Abstract. The paper discusses the problem of municipal waste disposal and utilization in the region of Nis. A detailed analysis was carried out of the existing technical solutions thermal treatment and extraction of landfill gas from municipal waste, with an emphasis on energy efficiency. On the basis of accessible data on the quantity, composition and heating power of municipal solid waste, obtained by measurements made in situ, a detailed analysis is carried out of the existing solutions for thermal treatment of waste obtained energy. The basis of the TRIZ methods are given for solving technical contradictions, as well as application of the TRIZ methods for generating innovative ideas. The use of the TRIZ methods is meant to improve the existing procedure for the extraction of landfill gas from municipal solid waste. The preliminary plant design is given for extraction of landfill gas with the impact analysis of suggested improvements for extraction procedure.
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Municipal solid waste management is a great environmental, economical, social and urban problem throughout the world. Municipal solid waste management involves the systematic and regular collection, storage, transportation, processing and disposal of the municipal solid waste. Processing involves the sorting of different types of components from the municipal waste like paper, plastic, metal, glass, fabric, biodegradable, inert and other types of components for the purpose of reuse and recycling. Processing also involves methods for energyrecovery and thermal treatment like incineration and Pyrolysis. Paper, plastic, metal, glass, inert materials can easily be reused and recycled but the biodegradable waste generally treated further for production of biogas through anaerobic process while for the production of manure through aerobic process. Remaining waste which cannot be treated further goes for the landfilling. For a better municipal solid waste management the processing is favoured method than landfilling. All the waste components which cannot be reused or recycled can be used for the energyrecovery. All the components have energy producing capacity after ignition due to their chemical structure. This research paper reveals the potential of energy production from the municipal solid waste of city of Allahabad. The study reveals that the energy content of the municipal solid waste of Allahabad city was 2713.66, 2799.39 and 3294.52 Mwh per day in 2011, 2012 and 2013 respectively.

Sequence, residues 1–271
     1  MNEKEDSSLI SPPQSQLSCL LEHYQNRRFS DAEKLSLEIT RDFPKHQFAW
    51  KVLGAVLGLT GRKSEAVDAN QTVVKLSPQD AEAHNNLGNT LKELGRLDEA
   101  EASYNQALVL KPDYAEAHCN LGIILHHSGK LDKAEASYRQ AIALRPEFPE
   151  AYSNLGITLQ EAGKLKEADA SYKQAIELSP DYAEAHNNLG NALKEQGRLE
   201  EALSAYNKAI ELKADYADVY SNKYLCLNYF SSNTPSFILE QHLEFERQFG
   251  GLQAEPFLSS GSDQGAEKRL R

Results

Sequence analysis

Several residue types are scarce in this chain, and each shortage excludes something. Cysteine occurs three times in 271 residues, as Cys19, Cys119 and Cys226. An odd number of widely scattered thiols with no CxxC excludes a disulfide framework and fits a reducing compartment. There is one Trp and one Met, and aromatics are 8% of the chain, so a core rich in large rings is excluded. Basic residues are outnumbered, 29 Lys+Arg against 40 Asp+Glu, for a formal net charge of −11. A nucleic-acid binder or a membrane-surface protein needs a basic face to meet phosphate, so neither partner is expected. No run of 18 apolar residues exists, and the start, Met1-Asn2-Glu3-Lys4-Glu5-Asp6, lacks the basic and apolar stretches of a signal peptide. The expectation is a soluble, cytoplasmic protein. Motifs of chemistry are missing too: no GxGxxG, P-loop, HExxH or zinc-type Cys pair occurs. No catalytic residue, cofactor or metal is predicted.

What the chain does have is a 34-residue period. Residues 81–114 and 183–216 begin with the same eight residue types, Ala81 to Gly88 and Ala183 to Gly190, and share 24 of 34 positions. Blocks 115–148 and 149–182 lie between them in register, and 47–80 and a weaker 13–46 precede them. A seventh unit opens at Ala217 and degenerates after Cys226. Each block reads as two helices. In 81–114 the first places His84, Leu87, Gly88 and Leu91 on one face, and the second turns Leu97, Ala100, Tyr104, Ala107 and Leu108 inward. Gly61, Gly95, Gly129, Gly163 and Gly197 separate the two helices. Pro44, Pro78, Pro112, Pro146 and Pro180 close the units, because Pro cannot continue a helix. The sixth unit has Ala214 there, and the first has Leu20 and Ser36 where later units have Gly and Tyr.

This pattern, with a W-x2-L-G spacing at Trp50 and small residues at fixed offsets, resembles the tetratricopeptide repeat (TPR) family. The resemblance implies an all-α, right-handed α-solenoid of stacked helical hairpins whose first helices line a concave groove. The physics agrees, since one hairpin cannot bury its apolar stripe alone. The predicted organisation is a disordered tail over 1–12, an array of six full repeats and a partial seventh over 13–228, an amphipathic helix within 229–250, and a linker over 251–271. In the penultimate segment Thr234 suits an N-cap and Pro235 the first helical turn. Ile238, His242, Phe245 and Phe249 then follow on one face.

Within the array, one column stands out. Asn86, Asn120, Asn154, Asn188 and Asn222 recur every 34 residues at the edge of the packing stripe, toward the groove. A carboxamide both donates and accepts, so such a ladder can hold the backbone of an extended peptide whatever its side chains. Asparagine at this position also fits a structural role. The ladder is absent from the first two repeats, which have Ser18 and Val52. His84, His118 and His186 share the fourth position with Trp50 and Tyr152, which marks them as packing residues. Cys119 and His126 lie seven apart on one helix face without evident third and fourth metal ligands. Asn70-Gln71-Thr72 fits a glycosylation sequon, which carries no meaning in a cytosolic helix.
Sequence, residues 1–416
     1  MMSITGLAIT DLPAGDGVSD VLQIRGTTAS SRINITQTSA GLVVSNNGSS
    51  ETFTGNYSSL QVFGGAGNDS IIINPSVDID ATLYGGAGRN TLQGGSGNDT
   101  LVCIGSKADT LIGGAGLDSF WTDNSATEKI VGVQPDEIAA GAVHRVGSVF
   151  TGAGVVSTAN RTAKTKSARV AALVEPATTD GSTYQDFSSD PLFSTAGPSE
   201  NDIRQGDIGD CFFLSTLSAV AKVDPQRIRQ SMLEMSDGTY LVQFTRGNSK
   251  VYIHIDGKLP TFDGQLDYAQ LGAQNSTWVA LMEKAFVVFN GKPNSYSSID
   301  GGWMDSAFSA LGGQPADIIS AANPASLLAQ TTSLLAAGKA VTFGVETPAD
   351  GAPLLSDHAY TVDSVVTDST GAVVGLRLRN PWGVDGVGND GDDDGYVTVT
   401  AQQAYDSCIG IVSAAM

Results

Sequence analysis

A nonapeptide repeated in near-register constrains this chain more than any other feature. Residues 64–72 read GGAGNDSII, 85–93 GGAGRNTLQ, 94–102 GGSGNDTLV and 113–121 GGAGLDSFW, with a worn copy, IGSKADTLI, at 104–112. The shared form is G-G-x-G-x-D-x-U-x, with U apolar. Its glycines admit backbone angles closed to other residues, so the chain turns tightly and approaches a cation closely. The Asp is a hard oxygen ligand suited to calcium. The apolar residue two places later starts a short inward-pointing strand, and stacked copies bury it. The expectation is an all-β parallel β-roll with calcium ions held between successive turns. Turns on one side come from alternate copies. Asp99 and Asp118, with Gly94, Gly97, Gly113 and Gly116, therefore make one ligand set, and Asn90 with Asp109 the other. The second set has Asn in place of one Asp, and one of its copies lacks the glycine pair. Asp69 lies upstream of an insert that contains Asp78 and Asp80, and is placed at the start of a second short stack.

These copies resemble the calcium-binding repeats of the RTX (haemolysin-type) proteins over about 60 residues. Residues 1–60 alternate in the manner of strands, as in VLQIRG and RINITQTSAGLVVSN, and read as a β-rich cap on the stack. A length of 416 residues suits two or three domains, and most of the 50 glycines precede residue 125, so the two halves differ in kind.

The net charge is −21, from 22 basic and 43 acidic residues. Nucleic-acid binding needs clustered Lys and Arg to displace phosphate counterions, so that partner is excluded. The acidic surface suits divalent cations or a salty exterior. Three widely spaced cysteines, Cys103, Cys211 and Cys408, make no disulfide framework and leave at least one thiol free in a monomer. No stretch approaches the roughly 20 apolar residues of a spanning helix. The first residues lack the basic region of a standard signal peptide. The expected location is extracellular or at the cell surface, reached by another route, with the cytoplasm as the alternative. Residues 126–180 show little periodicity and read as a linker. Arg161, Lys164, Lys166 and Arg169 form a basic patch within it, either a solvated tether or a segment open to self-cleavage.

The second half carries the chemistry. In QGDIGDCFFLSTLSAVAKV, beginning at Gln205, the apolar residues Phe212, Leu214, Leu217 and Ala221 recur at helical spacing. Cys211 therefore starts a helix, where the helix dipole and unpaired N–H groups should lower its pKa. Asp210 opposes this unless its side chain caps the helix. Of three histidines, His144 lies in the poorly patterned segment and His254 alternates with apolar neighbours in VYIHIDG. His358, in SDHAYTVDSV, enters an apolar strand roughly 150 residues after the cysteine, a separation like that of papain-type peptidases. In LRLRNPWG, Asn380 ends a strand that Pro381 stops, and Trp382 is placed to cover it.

Furthermore, the design and operation of a modern waste incineration plant in Ghana must have an adequate and cheap supply of water for cooling and for scrubbing of the flue gas to be produced. Therefore, locating one or two of these plants close to the sea will ensure a ready supply of water for cooling and for the washing process. On the west coast of Ghana, there is an existing thermal power plant, the Aboadze Thermal Power Plant, with a combined cycle generating capacity of 650 MW which runs on light crude oil and distillate fuel oil. The plant has dual firing capacity and is being converted to run on natural gas. It is proposed that a waste-to-energy plant running on organic waste is sited close to this thermal power facility.
ABSTRACT: The purpose of our project is to give the alternative fuel to the society by using the waste plastic. The motivation of our project is to make the alternative fuel because of the decreasing in fuel resource and now-a-days the cost of the fuel is increasing. We use various types of plastics for the thermal degradation process, we can minimize the usage of plastic in the society. We are using the waste plastic for producing WPPO by thermal degradation process. It gives alternative fuel for us and also reduces the waste plastics pollution.